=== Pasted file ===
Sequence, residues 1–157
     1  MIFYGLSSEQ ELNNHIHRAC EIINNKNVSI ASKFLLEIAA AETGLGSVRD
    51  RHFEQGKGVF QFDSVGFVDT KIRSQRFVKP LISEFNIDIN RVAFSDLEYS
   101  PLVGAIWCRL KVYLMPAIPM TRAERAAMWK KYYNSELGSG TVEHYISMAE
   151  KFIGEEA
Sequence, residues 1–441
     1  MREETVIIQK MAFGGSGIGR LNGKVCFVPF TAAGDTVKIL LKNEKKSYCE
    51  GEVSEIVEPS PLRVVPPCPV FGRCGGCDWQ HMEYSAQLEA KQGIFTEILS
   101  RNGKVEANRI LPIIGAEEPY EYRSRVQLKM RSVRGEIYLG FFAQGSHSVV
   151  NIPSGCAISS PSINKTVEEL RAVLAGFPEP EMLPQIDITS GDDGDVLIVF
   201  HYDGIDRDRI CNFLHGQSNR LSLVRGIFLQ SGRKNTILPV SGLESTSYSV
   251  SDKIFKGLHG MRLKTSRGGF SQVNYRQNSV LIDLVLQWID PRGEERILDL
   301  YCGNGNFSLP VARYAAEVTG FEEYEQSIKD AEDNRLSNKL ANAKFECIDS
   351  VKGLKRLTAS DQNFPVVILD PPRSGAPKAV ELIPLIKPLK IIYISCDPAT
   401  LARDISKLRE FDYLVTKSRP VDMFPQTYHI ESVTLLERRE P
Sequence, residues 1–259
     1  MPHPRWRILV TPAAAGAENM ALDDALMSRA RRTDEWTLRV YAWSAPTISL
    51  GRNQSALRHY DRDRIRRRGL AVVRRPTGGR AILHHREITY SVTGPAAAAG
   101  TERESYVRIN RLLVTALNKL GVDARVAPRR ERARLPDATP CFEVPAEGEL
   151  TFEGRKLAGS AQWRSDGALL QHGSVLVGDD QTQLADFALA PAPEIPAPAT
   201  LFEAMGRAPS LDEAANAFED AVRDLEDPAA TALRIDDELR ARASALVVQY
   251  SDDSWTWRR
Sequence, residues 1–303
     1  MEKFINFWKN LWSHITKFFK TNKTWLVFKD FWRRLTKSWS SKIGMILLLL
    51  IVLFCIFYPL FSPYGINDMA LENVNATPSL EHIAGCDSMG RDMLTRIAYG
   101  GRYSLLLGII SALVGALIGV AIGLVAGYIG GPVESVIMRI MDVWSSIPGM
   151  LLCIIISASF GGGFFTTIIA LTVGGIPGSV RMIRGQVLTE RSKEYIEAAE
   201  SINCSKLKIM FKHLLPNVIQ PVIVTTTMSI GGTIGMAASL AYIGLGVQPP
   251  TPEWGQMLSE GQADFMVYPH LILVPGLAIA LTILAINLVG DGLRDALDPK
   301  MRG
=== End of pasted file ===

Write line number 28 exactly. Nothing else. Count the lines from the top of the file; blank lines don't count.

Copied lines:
   201  SINCSKLKIM FKHLLPNVIQ PVIVTTTMSI GGTIGMAASL AYIGLGVQPP